California isn’t going to do anything (nor has it the power to do anything)if you or your board decide to not answer DNS queries from Canada or Brazil.  Nor is California going to do anything (nor would it have the power to do anything)if you or your board were decide to run your servers only on the second Tuesday of every month on old Commodore 64s.

You are saying nothing more than “trust us”.  For something as important as root services that’s just not adequate.  It is not enough to blindly hope that your board of directors, or the trustees of the University of Maryland, or the management of any other root server have good intentions and adequate resources today and that they will still have the same priorities, same intentions, and same resources tomorrow.

The community of internet users deserves clear standards of performance coupled to clear means of requiring that those standards are followed.

Of course it is hard to demand real accountability without also dealing with the issue of how the costs of the service are to be covered in the long term.  (Which does raise questions regarding how each root server covers its expenses and how much longer that situation can obtain.)

You and the other root server operators deserve enormous credit and thanks for what you have constructed and have done.  The net would not be what it is today without you.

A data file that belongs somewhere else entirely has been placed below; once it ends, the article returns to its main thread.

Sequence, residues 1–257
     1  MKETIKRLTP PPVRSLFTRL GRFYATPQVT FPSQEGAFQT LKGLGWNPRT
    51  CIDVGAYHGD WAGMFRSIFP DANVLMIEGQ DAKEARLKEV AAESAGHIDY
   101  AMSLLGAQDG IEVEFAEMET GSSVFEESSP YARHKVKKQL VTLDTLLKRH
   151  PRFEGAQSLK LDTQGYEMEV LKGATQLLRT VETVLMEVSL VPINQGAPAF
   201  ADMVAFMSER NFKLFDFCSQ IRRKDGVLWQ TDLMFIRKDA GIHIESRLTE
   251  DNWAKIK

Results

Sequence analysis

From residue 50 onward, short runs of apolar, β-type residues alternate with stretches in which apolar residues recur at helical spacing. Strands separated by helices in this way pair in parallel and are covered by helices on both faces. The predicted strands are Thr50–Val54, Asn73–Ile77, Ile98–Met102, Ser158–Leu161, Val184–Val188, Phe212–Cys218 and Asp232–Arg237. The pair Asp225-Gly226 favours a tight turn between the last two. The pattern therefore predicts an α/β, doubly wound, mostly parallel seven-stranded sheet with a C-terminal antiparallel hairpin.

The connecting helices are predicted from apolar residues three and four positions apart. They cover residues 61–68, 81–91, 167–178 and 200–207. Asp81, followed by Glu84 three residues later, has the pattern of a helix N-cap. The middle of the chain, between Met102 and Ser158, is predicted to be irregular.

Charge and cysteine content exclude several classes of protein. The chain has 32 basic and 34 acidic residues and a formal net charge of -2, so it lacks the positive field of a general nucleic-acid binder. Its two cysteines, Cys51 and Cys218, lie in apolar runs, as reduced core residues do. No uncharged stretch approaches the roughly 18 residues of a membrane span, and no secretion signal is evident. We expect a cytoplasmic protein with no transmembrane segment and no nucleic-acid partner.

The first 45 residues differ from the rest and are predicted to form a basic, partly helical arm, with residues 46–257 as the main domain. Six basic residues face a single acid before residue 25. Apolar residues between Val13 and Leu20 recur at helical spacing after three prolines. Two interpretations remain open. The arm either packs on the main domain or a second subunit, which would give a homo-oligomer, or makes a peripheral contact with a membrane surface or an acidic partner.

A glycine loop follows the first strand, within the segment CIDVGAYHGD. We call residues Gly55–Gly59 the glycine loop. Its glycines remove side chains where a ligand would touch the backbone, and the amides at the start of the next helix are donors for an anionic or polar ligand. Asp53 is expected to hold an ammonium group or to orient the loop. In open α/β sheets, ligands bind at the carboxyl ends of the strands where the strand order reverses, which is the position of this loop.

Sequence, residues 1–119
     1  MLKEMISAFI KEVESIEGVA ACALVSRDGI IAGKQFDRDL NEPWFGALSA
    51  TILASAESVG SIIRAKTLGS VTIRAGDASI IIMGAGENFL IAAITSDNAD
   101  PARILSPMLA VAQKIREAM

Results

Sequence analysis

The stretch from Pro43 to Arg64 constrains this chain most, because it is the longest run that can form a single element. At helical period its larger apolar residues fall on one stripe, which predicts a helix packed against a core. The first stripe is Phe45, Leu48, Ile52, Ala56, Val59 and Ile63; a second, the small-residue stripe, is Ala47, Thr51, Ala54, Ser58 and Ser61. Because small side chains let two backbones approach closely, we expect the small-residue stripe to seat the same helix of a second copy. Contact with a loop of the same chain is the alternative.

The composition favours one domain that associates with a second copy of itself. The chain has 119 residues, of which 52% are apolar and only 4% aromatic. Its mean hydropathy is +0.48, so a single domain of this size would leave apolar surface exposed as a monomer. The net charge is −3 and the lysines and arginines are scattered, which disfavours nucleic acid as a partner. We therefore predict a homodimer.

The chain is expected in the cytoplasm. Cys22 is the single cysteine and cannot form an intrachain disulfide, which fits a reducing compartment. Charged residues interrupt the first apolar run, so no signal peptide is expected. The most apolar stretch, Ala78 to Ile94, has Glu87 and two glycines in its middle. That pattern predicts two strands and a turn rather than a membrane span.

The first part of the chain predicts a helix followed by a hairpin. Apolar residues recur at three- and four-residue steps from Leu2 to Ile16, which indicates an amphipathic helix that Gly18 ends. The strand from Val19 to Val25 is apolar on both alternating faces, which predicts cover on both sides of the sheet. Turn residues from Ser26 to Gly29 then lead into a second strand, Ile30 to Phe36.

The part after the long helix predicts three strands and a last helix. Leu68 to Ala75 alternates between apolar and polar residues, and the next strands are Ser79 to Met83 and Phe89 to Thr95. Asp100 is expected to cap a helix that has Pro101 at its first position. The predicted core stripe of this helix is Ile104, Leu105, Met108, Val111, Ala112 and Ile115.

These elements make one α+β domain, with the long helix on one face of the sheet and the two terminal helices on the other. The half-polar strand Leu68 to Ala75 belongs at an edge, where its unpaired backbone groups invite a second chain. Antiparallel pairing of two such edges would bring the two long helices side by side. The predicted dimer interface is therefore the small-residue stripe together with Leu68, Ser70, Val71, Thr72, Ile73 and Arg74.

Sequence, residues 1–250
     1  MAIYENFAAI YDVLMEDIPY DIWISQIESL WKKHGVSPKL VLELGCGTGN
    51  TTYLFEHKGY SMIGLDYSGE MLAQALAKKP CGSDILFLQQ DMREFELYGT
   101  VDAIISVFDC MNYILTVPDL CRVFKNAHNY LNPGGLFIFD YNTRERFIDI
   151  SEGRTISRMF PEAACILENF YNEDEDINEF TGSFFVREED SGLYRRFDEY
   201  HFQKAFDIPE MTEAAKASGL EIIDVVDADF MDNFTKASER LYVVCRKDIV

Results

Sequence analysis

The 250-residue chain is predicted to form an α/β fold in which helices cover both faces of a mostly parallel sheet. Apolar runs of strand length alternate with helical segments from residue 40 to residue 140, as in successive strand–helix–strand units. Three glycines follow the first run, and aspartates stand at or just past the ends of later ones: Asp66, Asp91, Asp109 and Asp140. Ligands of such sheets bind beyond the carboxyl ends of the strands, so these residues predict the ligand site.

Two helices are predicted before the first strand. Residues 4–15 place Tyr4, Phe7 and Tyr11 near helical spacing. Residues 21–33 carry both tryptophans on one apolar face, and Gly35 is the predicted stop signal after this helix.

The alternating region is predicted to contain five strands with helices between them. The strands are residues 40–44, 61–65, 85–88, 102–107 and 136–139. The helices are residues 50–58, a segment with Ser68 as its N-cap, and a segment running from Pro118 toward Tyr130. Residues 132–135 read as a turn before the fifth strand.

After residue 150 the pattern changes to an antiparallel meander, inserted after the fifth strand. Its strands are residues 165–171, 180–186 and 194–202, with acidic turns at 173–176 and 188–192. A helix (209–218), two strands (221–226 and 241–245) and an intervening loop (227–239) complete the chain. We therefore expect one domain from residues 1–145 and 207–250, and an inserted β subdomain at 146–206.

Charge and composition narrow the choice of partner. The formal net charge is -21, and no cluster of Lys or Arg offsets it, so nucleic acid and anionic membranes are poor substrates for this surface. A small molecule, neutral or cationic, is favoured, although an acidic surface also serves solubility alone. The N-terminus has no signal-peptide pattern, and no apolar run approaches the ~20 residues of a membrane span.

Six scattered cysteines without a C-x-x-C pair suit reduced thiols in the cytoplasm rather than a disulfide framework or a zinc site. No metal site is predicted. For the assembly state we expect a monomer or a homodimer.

However, just as it became necessary to impose oversight on the work of Alexander Bell, the Wright Brothers, and Edison and Tesla, the root servers, because they are becoming a critical utility, need to be subject to an oversight body in which the public can place their trust that such critical functions are, in fact, being delivered properly and with adequate care and resources set aside to deal with foreseeable risks.

Paul Vixie  –  Feb 6, 2004 3:36 AM

Karl wrote:

> Again you are confusing the limited oversight that the State of
> California applies to non-profits with the degree of oversight that
> the internet community deserves to ensure that DNS roots are operated
> in the future as well as they have been operated in the past.

And again I applaud you for trying to create a new type of regulation and accountability for what you see as a new type of shared activity. While I have no interest in trying to create another worldwide government body, it’s certainly going to be interesting to watch you try to do so.

However, I am not confused. The root name server operators are members of existing societies and are subject to the laws and customs of same. Since most of us are government controlled or regulated or overseen, and there are at least five national and three regional governments involved, I do not think we make a good example for “the bad thing that will happen to the Internet if something isn’t done.”  If you consider those governments nonrepresentative of your interests, that’s something I can’t help you with.